# Generative Models

The idea of generative models, is to be able to learn the probability distribution of the training set. This important idea could have the following use cases:

- A super dataset augmenting system. (Able to create more data from the original data)
- Reinforcement Learning systems where the Generator could be a simulator of the environment, simulating possible futures when planning a decision and reasoning.

If you are able to generate the data distribution, you probably captured the underlying causal factors. Now, in principle, you are in the best possible position to answer any question about that data.

Basically this done by having 2 neural networks playing against each other.

### Discriminator

The discriminator Network is basically a Convolution Neural network classifier, that needs to classify the image as real or fake.

### Generator

The generator receives a random vector at it's inputs and transforms them into images, and it's just a Deconvolutional Neural Network.

### Loss Functions

When training Generative Adversarial models we have 2 loss functions, one that encourages the generator to create better images, and one that encourages the discriminator to distinguish generated images from real images. During training we optimize both objectives hoping that after some time we reach a Nash equilibrium and both do their job really well.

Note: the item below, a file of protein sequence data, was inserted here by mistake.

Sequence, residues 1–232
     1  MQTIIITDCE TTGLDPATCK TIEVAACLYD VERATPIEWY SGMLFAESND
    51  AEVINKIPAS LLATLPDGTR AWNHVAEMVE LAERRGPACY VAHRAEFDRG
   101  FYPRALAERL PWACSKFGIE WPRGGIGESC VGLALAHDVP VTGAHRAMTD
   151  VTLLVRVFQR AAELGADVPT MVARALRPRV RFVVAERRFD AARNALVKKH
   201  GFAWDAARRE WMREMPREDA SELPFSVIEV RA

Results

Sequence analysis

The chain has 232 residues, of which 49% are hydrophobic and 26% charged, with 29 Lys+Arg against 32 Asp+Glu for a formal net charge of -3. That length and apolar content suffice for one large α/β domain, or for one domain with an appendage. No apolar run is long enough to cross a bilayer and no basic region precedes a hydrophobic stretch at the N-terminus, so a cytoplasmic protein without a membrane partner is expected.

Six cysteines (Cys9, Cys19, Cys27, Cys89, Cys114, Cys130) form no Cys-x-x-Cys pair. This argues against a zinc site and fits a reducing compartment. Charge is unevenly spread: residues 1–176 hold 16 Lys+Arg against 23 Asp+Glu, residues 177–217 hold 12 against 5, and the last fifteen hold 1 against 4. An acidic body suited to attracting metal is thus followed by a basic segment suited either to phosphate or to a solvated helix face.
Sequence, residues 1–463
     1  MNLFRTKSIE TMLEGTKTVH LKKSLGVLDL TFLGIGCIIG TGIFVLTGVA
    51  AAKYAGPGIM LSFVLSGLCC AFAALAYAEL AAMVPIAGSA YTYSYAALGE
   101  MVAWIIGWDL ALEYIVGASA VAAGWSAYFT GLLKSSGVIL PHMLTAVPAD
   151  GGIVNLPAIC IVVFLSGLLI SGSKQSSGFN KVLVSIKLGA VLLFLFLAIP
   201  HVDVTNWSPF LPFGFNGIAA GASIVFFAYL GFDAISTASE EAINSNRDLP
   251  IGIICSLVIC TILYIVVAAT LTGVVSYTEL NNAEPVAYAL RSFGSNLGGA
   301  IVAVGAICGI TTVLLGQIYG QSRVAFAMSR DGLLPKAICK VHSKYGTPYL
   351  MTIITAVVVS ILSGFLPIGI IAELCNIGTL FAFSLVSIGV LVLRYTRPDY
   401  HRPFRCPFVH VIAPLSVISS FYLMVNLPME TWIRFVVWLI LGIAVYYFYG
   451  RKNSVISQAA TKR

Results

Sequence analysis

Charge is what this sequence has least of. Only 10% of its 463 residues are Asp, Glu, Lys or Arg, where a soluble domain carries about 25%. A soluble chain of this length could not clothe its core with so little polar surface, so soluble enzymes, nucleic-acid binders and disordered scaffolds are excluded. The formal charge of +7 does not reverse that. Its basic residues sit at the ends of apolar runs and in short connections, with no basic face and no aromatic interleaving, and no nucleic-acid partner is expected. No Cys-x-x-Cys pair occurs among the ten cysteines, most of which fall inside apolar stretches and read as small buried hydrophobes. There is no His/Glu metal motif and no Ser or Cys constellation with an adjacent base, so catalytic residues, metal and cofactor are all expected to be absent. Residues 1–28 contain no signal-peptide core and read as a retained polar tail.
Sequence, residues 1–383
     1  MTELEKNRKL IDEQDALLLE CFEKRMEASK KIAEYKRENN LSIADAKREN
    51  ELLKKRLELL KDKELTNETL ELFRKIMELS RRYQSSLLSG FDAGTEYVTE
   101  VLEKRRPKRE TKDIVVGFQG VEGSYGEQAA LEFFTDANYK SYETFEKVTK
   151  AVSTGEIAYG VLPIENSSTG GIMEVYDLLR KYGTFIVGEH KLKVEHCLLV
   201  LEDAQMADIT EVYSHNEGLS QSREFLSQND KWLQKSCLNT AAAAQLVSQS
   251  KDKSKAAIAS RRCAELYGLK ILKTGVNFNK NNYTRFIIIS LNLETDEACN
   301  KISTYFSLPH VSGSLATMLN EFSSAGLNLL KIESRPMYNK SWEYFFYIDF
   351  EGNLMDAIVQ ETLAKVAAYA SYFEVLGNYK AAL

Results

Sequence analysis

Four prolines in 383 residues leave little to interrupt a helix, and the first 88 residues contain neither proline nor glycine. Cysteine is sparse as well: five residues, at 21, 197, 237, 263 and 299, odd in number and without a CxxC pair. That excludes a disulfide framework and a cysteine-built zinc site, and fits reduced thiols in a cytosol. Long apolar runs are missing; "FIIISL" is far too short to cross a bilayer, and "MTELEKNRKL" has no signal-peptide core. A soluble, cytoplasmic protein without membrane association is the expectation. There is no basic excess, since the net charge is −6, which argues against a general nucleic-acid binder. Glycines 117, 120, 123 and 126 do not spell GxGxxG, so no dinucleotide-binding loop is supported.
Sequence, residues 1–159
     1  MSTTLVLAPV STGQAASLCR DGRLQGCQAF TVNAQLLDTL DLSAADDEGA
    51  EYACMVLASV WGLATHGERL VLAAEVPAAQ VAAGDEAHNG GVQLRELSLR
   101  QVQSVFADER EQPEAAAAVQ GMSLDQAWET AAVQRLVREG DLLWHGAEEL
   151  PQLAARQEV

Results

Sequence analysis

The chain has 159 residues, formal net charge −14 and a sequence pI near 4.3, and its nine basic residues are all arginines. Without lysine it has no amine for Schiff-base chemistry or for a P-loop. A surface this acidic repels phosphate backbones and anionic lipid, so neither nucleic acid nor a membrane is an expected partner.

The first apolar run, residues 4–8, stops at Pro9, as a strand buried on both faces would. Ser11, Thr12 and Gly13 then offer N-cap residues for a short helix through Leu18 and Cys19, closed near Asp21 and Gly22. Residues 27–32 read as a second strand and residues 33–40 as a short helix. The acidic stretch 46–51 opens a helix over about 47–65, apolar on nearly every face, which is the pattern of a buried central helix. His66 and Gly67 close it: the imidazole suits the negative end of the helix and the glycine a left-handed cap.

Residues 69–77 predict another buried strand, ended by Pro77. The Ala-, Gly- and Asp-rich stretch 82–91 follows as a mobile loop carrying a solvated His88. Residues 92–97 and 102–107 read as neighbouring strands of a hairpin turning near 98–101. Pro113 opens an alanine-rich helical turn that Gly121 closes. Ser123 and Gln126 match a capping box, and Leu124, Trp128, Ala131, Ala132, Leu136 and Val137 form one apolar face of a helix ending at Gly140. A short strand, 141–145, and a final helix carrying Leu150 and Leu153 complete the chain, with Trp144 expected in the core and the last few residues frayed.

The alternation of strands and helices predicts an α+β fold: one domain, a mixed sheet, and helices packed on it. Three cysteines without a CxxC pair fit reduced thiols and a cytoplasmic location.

On this example (MNIST) we're using 2 losses (Binary cross entropy) on the discriminator.

### Some problems that could happen during training

Training 2 networks at the same time is hard, you may probably have some difficulties training Gans. Here what you don't want is the discriminator overpower the generator or vice-versa. For example if the discriminator becomes more powerful than the generator by responds with absolute certainty, it leaves no gradient for the generator to descend.

Another problem called model collapse when generator discovers and exploits some weakness in the discriminator. You can recognize mode collapse in your GAN if it generates many very similar images regardless of variation in the generator input *z.*

Mode collapse can sometimes be corrected by "strengthening" the discriminator in some way—for instance, by adjusting its training rate or by re-configuring its layers. (Give more parameters to discriminator)

### Some Guidelines

- Use batchnorm on both networks.
- Use Relu on generator except for last layer (tanh)
- Use LeakyRelu on discriminator on all layers
- No Fully connected layers to allow deeper architectures.
- Replace pooling layers with strided convolutions on discriminator
- Replace unpooling layers with fractional-strided convolutions on the generator.

### References

- https://blog.openai.com/generative-models/
- https://danieltakeshi.github.io/2017/03/05/understanding-generative-adversarial-networks/
- https://www.oreilly.com/learning/generative-adversarial-networks-for-beginners
- https://www.cs.toronto.edu/~duvenaud/courses/csc2541/slides/gan-applications.pdf
- https://arxiv.org/pdf/1406.2661.pdf
- https://arxiv.org/pdf/1701.00160.pdf
- https://www.quora.com/What-would-be-a-practical-use-case-for-Generative-models
- https://github.com/soumith/ganhacks
- http://cs231n.stanford.edu/slides/2017/cs231n_2017_lecture13.pdf
- https://github.com/hindupuravinash/the-gan-zoo
- https://github.com/Newmu/dcgan_code
- https://arxiv.org/pdf/1511.06434.pdf
- http://cs231n.stanford.edu/slides/2017/cs231n_2017_lecture16.pdf
- https://medium.com/@Moscow25/gans-will-change-the-world-7ed6ae8515ca
- https://adeshpande3.github.io/Deep-Learning-Research-Review-Week-1-Generative-Adversarial-Nets
- https://arxiv.org/pdf/1611.04076.pdf